Here are the lineups for Game 4 of the ALDS between the Tigers and A’s. First pitch is 9:37 p.m. ET:
DETROIT TIGERS OAKLAND ATHLETICS
1. Austin Jackson, CF 1. Coco Crisp, CF
2. Quintin Berry, LF 2. Stephen Drew, SS
3. Miguel Cabrera, 3B 3. Yoenis Cespedes, LF
4. Prince Fielder, 1B 4. Brandon Moss, 1B
5. Delmon Young, DH 5. Josh Reddick, RF
6. Andy Dirks, RF 6. Josh Donaldson, 3B
7. Jhonny Peralta, SS 7. Seth Smith, DH
8. Alex Avila, C 8. Derek Norris, C
9. Omar Infante, 2B 9. Cliff Pennington, 2B
SP Max Scherzer, RH SP A.J. Griffin, RH
The Tigers have made a couple of lineup changes after losing to left-hander Brett Anderson in Game 3 on Tuesday night. Berry is back in left field, Dirks is back in right and Avisail Garcia will open on the bench. Also, Avila is back behind the plate following a rare Gerald Laird start on Tuesday.
The A’s are sticking with the same batting order that kept them alive in Game 3.
Detroit leads the five-game series 2-1. This one will be broadcast on TNT.
Mets manager Terry Collins said on Wednesday, “It’s unlikely that [Steven Matz] will start the season with us.” The final spot in the Mets’ starting rotation will go to either Zack Wheeler or Seth Lugo, Newsday’s Marc Carig reports.
On Wheeler’s innings limit, assistant GM John Ricco said, “There’s going to be some number but we don’t exactly know what that is.” Wheeler missed the last two seasons after undergoing Tommy John surgery.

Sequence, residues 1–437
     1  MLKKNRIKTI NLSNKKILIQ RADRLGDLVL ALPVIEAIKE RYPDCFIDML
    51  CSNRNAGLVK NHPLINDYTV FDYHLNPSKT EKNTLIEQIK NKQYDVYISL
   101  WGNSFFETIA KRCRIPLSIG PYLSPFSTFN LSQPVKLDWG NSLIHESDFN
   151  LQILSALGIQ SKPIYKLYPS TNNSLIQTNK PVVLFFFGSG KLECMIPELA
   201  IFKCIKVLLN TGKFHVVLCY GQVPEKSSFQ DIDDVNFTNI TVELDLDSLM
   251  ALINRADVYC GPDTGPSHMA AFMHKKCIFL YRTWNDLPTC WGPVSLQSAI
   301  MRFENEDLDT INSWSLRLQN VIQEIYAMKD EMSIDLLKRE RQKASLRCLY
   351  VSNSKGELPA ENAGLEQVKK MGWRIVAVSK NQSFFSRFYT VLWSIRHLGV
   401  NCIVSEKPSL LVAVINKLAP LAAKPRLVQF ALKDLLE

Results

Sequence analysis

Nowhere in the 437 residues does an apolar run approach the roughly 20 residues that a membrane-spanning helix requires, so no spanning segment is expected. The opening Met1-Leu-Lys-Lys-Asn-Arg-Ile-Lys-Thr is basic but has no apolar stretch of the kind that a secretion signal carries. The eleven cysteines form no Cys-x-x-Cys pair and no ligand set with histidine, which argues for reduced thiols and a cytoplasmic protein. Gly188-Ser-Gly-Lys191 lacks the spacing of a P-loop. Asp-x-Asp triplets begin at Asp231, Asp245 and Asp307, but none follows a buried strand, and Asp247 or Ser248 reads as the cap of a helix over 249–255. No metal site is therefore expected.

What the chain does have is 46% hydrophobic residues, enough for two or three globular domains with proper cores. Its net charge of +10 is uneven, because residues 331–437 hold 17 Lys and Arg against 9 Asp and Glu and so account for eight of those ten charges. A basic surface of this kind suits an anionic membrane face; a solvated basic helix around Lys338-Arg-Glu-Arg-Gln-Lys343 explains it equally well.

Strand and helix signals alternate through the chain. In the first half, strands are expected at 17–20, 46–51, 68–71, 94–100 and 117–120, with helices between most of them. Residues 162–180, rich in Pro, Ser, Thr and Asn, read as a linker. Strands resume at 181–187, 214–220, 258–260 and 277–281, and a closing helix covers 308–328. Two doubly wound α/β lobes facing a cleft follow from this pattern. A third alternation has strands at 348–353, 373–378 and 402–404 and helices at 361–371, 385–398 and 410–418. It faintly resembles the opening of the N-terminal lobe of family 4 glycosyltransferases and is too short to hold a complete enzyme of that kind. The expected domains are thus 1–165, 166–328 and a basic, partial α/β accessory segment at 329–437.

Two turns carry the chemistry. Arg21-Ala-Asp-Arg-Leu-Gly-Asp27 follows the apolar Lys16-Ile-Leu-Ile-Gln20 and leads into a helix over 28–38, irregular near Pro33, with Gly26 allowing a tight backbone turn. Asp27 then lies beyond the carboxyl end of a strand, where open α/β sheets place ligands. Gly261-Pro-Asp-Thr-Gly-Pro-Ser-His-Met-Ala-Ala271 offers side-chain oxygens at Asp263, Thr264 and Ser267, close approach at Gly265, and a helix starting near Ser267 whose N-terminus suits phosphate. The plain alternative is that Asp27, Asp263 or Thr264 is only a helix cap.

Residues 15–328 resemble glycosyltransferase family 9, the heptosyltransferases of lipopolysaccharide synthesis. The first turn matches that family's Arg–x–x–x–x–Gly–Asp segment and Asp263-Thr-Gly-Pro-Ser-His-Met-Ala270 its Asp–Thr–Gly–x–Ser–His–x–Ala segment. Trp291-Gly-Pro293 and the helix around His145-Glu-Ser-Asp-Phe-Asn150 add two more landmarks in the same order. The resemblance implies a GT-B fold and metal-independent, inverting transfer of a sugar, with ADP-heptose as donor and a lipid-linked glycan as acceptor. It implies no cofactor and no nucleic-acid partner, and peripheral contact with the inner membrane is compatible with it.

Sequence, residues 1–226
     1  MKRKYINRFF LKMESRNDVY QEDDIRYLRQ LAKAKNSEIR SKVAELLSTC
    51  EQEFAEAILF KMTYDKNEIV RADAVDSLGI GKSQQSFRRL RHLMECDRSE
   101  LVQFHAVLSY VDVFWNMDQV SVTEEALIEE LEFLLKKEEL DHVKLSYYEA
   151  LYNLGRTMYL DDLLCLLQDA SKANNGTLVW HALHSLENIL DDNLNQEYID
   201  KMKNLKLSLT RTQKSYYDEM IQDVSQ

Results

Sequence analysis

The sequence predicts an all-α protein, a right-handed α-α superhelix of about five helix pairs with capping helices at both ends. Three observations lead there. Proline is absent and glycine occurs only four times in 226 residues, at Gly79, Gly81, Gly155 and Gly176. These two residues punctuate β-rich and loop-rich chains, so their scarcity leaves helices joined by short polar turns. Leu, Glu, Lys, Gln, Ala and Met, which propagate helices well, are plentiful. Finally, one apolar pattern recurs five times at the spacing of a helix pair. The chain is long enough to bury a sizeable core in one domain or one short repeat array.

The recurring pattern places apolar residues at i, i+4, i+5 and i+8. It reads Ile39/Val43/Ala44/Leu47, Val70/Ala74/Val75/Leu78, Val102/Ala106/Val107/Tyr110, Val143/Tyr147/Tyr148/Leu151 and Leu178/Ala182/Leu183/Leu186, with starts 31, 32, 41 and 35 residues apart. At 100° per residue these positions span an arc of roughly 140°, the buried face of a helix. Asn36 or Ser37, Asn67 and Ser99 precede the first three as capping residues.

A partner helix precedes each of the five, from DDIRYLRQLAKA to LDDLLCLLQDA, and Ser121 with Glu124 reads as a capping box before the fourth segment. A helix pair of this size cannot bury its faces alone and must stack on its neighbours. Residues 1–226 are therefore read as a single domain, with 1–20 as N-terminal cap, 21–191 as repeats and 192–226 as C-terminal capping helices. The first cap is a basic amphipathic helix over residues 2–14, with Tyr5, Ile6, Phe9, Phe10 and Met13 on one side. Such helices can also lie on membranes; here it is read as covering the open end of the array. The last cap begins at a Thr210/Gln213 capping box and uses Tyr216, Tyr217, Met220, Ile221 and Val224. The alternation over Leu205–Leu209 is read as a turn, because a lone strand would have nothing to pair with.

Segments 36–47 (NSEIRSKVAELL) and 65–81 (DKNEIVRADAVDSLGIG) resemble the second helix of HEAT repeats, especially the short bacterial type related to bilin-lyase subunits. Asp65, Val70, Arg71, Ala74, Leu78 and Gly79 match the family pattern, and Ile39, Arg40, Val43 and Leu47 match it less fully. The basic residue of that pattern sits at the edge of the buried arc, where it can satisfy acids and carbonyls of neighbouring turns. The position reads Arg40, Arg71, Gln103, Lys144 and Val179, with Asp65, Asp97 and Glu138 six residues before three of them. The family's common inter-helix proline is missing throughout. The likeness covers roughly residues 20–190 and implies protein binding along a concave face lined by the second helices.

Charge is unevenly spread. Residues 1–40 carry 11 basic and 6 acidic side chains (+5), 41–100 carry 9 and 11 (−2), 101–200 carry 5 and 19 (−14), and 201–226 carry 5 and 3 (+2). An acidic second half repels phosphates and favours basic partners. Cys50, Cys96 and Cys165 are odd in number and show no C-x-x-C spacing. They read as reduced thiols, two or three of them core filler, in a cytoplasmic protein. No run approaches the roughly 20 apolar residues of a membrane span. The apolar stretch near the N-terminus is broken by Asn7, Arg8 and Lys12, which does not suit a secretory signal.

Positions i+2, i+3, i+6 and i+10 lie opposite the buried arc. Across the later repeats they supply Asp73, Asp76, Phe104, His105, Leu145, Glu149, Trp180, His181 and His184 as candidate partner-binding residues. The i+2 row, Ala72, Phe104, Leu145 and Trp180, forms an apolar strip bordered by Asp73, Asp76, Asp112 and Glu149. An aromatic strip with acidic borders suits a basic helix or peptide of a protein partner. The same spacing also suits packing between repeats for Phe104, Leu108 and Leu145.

Neither Wheeler nor Lugo have had terrific springs as each carries a 5.11 and 5.56 Grapefruit League ERA, respectively. However, Carig notes that Wheeler has impressed simply by appearing healthy and brandishing a fastball that once again sits in the mid- to high-90’s. Lugo, meanwhile, proved crucial to the Mets last year, posting a 2.67 ERA across eight starts and nine relief appearances.
Nick Groke of the Denver Post reports that the Rockies agreed to a $200 million, 30-year lease with the Metropolitan Baseball Stadium District, which is the state division that owns Coors Field. As part of the deal, the Rockies will lease and develop a plot of land south of the stadium, which will cost the team $125 million for 99 years.
As Groke points out, had the Rockies not reached a deal by Thursday, March 30, the lease would have rolled over for five more years.
Rockies owner Dick Monfort issued a statement, saying, “We are proud that Coors Field will continue to be a vital part of a vibrant city, drawing fans from near and far and making our Colorado residents proud.”
The Rockies moved into Coors Field in 1995. It is the National League’s third oldest stadium. In that span of time, the Rockies have made the playoffs three times, the last coming in 2009 when they lost in the NLDS to the Phillies. The Rockies were swept in the 2007 World Series by the Red Sox.